Discrimination throughout generations


Ronald is a third-generation Latino immigrant. His father, Max, was the son of a Mexican immigrant who arrived in Texas some 80 years ago when crossing the border was relatively ordinary and little discussed, although discrimination did exist. Ronald is 21 years old; he lost his father, who died of a mental disorder and the resultant disorganized life, when he was 14. Max was a veteran of the Korean conflict and received a pension that supported the children of his first family and then Ronald and his young mother. Ronald’s mother is ill with cancer and he takes care of her.

During his premature dementia, Max managed to smile and enjoy life with his second family. Members of the two families occasionally lived together around the Bay Area. They were all identified with one of the two largest rival Mexican gangs in California, to the point that two of them paid with their lives. One died very young in one of the many drive-by shootings in southern California on a visit there with friends. The other, imprisoned for a while after a shootout that left him paralyzed from the waist down, took care that his little half-brother Ronald never was involved in the gangs, repeating the cliché that once you’re in, you can never get out.

As if to prove his point, one day, when it was least expected—because he was thought to be “recovered”—he attacked a gang rival with his meticulously restored 60’s American car. As he was fleeing police, he rolled the car and, because of his criminal record, was sent to state prison along with his wheel chair. He died there a couple of years ago from kidney disease, waiting for an organ donation that could have saved his life. As a gang member he had fallen victim to excesses of alcohol and other drugs. 

Ronald felt as if he were orphaned a second time. He knew that he had a half-sister whom he had never met. His father had told him of her, but in his semi-lucid state Max had never told him of her whereabouts or circumstances.

As a youth, Ronald had been stigmatized for being Latino as well as for his association with the gangs, with whom he feels so familiar and yet so far apart. He has never actually been a member of a gang, but he knows all the signs, colors and secrets. In addition, he hears first-hand anecdotes of extreme violence and discrimination from his older brothers. He recognizes and is on guard against gang rivals and almost dresses and speaks like a gang member. To further round out his Mexican “identity,” he has had the usual discriminatory experiences with Americans, other Latinos and, of course, police.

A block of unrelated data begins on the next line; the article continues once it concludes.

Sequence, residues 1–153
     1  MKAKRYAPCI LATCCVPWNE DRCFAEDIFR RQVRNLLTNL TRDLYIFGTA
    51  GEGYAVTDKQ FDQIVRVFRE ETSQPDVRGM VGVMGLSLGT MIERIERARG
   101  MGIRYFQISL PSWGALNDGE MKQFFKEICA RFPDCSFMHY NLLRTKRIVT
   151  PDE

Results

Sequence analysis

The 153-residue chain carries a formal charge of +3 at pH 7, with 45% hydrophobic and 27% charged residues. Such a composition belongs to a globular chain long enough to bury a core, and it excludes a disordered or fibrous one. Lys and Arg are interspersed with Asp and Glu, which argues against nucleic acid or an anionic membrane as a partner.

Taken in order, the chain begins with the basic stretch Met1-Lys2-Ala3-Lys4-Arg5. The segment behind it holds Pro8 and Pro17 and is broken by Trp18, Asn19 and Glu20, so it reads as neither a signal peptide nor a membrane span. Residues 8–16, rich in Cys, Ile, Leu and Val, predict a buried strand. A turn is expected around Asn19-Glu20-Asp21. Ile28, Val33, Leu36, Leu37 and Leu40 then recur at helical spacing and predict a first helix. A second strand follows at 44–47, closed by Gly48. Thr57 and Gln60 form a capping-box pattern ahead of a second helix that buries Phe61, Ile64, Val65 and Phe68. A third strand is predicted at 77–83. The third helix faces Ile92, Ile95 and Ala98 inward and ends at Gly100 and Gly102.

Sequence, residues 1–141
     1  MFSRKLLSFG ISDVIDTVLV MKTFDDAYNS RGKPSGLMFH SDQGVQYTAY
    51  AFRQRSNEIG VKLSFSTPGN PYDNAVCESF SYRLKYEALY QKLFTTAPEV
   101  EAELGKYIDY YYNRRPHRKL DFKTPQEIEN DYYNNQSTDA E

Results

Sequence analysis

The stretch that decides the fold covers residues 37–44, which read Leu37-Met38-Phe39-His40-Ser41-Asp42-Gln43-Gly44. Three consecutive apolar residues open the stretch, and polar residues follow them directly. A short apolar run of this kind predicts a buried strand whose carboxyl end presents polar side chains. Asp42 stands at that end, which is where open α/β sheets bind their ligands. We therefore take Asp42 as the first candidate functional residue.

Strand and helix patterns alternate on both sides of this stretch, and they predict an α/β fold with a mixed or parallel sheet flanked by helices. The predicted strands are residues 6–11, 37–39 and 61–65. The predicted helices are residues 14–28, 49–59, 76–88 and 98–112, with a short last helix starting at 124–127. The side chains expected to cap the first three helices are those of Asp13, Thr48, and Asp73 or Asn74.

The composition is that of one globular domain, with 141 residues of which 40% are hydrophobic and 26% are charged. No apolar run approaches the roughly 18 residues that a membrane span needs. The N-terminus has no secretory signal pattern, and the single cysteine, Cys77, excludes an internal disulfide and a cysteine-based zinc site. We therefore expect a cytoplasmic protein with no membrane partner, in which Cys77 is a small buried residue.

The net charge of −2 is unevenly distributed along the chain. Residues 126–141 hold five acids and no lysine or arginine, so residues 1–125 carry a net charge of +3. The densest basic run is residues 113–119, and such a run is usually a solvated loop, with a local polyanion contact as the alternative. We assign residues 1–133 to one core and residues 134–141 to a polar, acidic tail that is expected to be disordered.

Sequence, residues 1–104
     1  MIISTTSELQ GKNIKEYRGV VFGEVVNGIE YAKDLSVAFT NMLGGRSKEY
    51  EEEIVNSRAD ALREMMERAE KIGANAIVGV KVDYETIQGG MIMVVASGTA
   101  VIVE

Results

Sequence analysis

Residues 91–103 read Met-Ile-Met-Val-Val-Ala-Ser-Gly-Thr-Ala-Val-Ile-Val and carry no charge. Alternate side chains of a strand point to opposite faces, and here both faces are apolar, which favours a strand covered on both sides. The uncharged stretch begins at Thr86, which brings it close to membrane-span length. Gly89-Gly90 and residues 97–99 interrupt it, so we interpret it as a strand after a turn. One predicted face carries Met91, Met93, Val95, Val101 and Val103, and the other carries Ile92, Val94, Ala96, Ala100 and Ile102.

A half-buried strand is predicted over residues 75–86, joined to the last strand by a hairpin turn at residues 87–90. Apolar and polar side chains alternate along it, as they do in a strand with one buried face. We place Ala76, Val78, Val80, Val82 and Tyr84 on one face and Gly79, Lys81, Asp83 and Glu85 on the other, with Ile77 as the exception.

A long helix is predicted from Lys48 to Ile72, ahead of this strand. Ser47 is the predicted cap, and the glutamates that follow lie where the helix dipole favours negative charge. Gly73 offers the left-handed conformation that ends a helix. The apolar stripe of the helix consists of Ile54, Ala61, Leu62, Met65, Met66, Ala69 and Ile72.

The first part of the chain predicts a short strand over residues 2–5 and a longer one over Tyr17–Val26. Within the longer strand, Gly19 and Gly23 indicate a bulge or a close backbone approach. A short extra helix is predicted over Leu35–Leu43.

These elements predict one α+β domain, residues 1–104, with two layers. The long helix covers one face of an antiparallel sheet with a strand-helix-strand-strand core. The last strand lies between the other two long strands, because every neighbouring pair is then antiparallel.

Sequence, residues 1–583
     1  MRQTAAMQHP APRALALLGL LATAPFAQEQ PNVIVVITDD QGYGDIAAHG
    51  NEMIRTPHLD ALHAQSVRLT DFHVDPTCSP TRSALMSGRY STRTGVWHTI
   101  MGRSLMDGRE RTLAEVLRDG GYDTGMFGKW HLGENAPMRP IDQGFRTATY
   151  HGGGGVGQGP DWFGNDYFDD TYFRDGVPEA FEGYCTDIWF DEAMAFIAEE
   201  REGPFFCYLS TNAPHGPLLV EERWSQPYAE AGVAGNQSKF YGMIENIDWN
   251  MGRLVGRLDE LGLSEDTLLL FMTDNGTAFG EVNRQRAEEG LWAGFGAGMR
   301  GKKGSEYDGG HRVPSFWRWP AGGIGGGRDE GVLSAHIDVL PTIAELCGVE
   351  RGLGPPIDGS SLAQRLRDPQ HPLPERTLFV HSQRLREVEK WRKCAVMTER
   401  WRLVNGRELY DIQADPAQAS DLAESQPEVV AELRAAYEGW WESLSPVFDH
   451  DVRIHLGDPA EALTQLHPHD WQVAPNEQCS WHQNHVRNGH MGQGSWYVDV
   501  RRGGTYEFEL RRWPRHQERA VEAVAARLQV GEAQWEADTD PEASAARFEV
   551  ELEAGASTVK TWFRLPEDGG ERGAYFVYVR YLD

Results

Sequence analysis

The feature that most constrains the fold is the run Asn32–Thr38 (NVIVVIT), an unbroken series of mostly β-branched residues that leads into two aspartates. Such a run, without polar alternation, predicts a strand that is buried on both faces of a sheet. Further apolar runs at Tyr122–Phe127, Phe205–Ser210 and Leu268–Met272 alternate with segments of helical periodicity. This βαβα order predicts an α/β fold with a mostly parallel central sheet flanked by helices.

In school other Latinos often criticize him for knowing nothing about Mexico and for not speaking Spanish. He only knows a few words of gang-speak and perhaps “taco” and “burrito.” On the other hand, many Americans treat him as though he is from another country and some police officers try to talk to him in broken Spanish and threaten to deport him. He has already had a number of run-ins with the police, almost all of which have been discriminatory and unjust, even though he doesn’t see it that way, but rather as a normal part of a life in which police are just another rival with whom he battles daily.

Recently Ronald was falsely accused of not wearing a seat belt after police found nothing else to accuse him of. He went to court, where the judge believed the police and levied a heavy fine. Then someone damaged his car, leaving him with repairs he was unable to pay for, since he had no insurance. It never crossed his mind to report it to the police. Later he was on his way to buy insurance when he ran into a paisa, as he calls recent immigrants who speak Spanish, who offered him a Honda for $500. He tried it out and it seemed to be a good buy. The following day, police stopped him, pulling him out of the car abruptly—as is common—even though Ronald showed them the registration and explained that he had just bought the car. 

The Honda had been stolen and he was jailed for five days, accused of possession of stolen property. The judge didn’t believe his story, but thanks to the public defender, the prosecution was unable to prove that he had stolen the car. So now, without transport, he has to go through the probation process and pay fines imposed by the judge. His police record would indicate that he is a dangerous recidivist—this man with the face of a child, full of innocent ignorance. 

The problems that confront many Latino immigrants in this country can span three or more generations, as they do in Ronald’s case. Many say that the problems are merely part of the process of adaptation and that the second generation is totally integrated. This may happen occasionally, but the more immigrants’ children and their children live on the margin, as do so many African Americans, the more they will suffer discrimination and injustice.


Victor Reyes is a Sonoma-based translator, language teacher and writer and a native of Puebla, Mexico with decades-old ties to West Marin.